BFI Gothic Season – Dario Argento In Conversation & Suspiria (1977)
Be afraid, there’s a maniac in town. Yes, that’s right, the second phase of the BFI’s Gothic season materialised last night in the form of one of the masters of murder, Italian maestro Dario Argento was in London town to discuss his work before a beautifully rendered screening of his macabre masterpiece Suspiria. Argento’s reputation precedes him, he can be a rather difficult and prickly fellow which may be in part due to the rather wretched quality of his output over the past twenty years – even his greatest fans reluctantly admit that his films have been terrible since the early 1990’s – but his iconic status is assured for a number of genre classics which revolutionised the murder movie back in the 1970’s, mostly due to his ‘Three Mothers’ trilogy (of which Suspiria forms the original entry alongside Inferno and 2007’s Mother Of Tears) and the gruesome giallos Tenebre, Profoundo Rosso, Phemomenon (a personal favourite – it is fucking nuts) and the glittering titled film which began his career The Bird With The Crystal Plumage. I’m a little on the fence when it comes to his work, whilst like Brian De Palma I can admire the craft of certain sequences, the loose commentary on cinema as cinema rather than an oblique storytelling ruse, a use of camerawork to map out the space of terror and a glorious use of mise-en-scene to reflect his characters fractured psyche’s terror I do find that there isn’t much lurking beneath the surface of his blood drenched degeneracy, and generally I prefer a little more meat on the bone to gnaw upon when it comes to the wider context of themes, obsessions, statements and illumination – in effect some scenes are great, but the overall films can be poor. However, as a technical artisan he is probably amongst the top dozen to have ever specialised in the horror field, and Suspiria in particular was a film I have been anxious to revisit given its rumored remake (by David Gordon Green whom has apparently stepped away so the project is circling Hollywood again) and the movies exalted position in the pantheon of pain, it’s a firm cult favourite whose wide-screen vistas scream to be seen on the big screen.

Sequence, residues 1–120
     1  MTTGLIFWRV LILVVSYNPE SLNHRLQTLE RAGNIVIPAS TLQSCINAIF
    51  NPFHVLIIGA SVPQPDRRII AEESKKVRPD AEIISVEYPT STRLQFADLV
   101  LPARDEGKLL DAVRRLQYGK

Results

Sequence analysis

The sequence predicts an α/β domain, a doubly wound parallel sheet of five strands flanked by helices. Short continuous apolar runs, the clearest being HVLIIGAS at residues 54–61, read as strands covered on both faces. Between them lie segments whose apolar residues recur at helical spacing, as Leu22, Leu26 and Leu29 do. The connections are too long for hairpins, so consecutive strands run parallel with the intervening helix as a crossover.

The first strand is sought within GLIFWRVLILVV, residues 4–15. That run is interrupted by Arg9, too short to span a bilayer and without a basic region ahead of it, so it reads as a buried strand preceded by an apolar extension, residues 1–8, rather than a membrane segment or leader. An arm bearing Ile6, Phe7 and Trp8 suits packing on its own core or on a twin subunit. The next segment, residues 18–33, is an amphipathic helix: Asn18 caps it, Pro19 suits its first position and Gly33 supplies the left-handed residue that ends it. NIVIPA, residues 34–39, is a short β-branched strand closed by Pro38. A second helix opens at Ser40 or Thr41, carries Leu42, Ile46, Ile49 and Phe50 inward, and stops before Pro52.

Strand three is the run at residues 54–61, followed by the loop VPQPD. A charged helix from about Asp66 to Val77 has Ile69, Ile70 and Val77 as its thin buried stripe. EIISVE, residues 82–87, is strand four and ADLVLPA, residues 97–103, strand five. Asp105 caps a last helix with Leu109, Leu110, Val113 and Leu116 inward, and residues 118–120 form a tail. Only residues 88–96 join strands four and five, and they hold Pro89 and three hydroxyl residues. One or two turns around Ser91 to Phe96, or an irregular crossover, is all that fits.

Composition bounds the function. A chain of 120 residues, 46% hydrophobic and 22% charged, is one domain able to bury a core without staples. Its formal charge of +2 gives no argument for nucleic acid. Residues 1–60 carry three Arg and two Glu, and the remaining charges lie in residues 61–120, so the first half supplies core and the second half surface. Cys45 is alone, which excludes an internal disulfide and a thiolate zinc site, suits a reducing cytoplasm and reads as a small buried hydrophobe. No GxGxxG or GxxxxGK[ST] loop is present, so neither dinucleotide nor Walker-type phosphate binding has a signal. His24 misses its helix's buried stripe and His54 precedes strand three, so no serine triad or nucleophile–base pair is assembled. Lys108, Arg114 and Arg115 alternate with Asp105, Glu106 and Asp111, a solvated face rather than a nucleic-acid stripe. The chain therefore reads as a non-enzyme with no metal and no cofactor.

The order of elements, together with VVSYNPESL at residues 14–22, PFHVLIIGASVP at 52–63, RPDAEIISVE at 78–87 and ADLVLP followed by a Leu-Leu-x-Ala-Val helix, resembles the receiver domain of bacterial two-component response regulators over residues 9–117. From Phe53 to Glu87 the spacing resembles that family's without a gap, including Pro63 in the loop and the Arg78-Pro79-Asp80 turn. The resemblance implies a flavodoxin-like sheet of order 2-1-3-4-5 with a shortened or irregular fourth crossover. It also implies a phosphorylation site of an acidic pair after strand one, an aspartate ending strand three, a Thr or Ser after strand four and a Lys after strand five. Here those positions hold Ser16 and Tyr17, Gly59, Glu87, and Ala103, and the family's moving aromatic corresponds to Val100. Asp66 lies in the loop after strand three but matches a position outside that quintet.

Interviewed by Frightfest warlock Alan Jones Argento seemed in good spirits through his slightly hesitant and heavily accented English, as we wandered through his birth into a family of movie executives and photographers, up to his first assignments as a film critic before he came to work as a screenwriter for Sergio Lenone on the Western classic Once Upon A Time In The West. Understanding that he would have to make something stylish to differentiate himself from the pack of cheap, quickly constructed horror movies (a cheap genre that usually had a solid ROI in those days) he turned to the lurid and yellow jacketed murder mysteries now known as giallo for inspiration, before directed his debut which went on to be a minor worldwide hit – he’s very rarely stepped out of the genre since. Some of his observations were quite telling – ‘dialogue is boring, cinema is looking and seeing’ hew said he learnt as mantra from Leone, but there was something of a disdain for American cinema which is a little hypocritical given his adoration of Hitchcock (he may be an Englishman but his masterpieces were made under the Studio System), as he remarked that he was disappointed with his second film Four Flies On Grey Velvet as it ‘looked like a US film’. Still, there was some banter on his involvement of the production of Dawn Of The Dawn and the subsequent alternate versions of the film (domestic and European versions), and his predilection for the band Goblin to score many of his triumphs (they have gained some cult kudos recently and playing a popular world tour), so all in all this was a pleasant re-cap of his career to date – although they really shouldn’t have closed things with a clip from Dracula 3D as it looks laugh out loud terrible.